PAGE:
Happy Labor Day! And what better time than this annual celebration of America’s working stiffs to draw attention to our national economic jobless recovery?
As those attached to the Dow Jones Average can attest, the economy is now perking along quite nicely, with the Dow up 57 percent since the dark days of 2009, presently soaring above 13,000. Also, the nation’s pile of wealth has grown impressively, executive paychecks have zoomed back up to Zip-a-Dee-Doo-Dah levels, and sales at stores like Neiman Marcus and Saks Fifth Avenue are absolutely crackerjack!
The only little cloud over this otherwise sunshiny recovery is … well, you. You people for whom Labor Day is named, that is.
Not only did Wall Street’s crash knock jobs, wages, benefits, homeownership and middle-class opportunities into the ditch, but they’re still stuck there — and even sinking lower. Yet the financial elites, political establishment and media powers remain rapturously focused on the Dow, uncaring about the precipitous decline in the Doug Jones Average.
If Doug and Donna aren’t prospering, neither is America, no matter how much wealth the privileged few are lavishing on luxury goods or socking away in offshore tax havens.
The stark status of the Doug was dramatically highlighted in an Aug. 24 report from the Labor Department on laid-off workers. Of the 6.1 million Americans who lost stable jobs since 2009, when the “recovery” officially began, nearly half are still out of work.
Also, more than half of those who did find jobs took big hits in pay, thus whacking their families’ standard of living and holding back the economy’s critically needed revival of consumer spending.
Those who’ve been knocked down are mostly not low-skilled poor people, but middle-class folks like Andrew McMenemy, whose software firm pulled the plug on his $80,000-a-year high-tech job in 2010. He has finally found another job, but it pays under $20,000 a year, with no benefits. At 53 years of age, McMenemy has had to move in with his father.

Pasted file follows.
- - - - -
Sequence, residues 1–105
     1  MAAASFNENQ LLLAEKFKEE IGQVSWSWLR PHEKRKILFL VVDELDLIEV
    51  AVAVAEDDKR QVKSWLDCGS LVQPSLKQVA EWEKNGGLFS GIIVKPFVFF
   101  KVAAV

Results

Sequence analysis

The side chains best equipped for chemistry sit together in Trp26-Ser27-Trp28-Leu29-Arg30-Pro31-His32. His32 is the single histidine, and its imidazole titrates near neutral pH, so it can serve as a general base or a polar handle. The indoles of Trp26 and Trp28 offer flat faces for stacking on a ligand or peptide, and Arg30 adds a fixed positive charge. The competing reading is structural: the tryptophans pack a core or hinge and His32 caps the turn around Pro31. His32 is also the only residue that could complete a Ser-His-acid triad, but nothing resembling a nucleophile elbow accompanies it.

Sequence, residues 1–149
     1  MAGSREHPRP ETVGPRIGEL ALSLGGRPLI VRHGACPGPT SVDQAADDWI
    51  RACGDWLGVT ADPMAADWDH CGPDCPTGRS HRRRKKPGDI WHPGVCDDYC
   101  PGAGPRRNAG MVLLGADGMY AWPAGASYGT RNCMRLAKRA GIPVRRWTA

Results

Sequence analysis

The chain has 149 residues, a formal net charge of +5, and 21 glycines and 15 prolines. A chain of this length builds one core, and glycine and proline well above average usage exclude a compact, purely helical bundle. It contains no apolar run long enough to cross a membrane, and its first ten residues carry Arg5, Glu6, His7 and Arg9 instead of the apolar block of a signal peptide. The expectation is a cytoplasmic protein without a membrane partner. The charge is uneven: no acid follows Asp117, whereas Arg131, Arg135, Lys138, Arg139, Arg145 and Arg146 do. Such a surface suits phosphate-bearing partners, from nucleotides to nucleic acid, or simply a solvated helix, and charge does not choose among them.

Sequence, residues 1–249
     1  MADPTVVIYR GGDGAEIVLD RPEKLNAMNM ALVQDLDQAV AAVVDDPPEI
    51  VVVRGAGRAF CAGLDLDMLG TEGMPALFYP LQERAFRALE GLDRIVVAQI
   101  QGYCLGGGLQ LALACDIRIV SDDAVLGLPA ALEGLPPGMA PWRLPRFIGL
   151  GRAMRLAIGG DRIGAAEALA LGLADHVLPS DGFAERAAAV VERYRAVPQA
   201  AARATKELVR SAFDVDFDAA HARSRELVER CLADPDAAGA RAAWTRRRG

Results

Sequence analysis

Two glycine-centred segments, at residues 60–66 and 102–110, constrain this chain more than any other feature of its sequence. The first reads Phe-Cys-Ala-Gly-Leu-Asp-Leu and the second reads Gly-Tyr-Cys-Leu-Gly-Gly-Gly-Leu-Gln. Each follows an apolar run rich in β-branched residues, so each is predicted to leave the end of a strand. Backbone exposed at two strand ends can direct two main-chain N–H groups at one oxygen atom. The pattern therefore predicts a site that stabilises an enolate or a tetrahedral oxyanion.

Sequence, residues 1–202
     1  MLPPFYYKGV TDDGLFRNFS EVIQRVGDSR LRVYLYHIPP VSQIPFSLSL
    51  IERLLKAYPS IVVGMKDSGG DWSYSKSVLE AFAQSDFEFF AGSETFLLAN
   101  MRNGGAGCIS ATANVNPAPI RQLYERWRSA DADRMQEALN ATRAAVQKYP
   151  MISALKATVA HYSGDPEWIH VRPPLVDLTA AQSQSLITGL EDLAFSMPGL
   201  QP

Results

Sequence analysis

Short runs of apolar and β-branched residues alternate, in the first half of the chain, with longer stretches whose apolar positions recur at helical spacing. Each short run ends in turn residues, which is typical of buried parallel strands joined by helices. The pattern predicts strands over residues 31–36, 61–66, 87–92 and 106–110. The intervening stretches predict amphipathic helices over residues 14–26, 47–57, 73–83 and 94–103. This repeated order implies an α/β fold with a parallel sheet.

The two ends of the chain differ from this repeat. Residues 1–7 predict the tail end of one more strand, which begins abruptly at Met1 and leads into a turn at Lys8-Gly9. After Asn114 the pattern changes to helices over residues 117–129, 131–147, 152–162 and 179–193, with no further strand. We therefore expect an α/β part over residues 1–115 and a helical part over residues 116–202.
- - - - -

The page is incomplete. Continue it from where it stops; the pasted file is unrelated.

Knocking down the middle class is economically stupid, socially dangerous and morally wrong. The fact is that today’s corporate and political leaders are wretchedly bad gardeners — by tending to the moneyed few and ignoring America’s workaday majority, they’re watering the weeds and pulling the flowers.
Where’s that going to lead us? Don’t look now, but according to a slew of corporate executives, government policy-makers and media cheerleaders, our future is on Mars. Not that we have to move there, but we’re told we can see the future in NASA’s lovable Mars rover, named “Curiosity.” It’s presently scooting around the red planet with human-like dexterity and abilities.
Meanwhile, back on Earth, a Philips Electronics plant in the Netherlands has 128 Curiosity-styled robots making electric shavers. They are doing the same work that it takes 10 times that many humans to.
As an Aug. 19 New York Times article marveled, the arms of these techno-creatures “work with yoga-like flexibility … well beyond the capability of the most dexterous human.” Plus, exclaimed the Times, “they do it all without a coffee break — three shifts a day, 365 days a year.”
Corporations have hundreds of fully robotized manufacturing plants already in operation or planned, employing robots that are far more sophisticated than the ones pioneered by the auto industry. The manager of the Philips factory says, “(With these robots,) we can make any consumer device in the world.”
Indeed, Apple’s iPhone-maker in China plans to install more than a million robots to displace untold numbers of workers there. Likewise, robots are now assembling Boeing’s wide-body jets, packing California lettuce in shipping boxes, making Hyundai and Tesla cars, and operating our nation’s largest grocery warehouse. The Times says flatly: “This is the future.”
Oh? So, what are millions of displaced human workers to do? No one knows. Worse, there’s no planning for or even thinking about planning for the human future. Instead, we’re getting balderdash and BS from such high-tech camp followers as Times columnist Tom Friedman, who recently gushed about the robot revolution: “This is the march of progress.”
Embrace the robot economy, we’re told, for it will “make America more competitive.”
“More competitive” for whom and to what end? Too often, we’ve seen the power elites wave the flag of “progress” as they march right over the well-being of the many — and here they come again.
Millions of unwitting working families are about to be displaced by this autocratic and avaricious rush for robotic profits. Now is the time to start a national debate on the true cost of this shift — and to demand that we humans be factored into their “revolution.”
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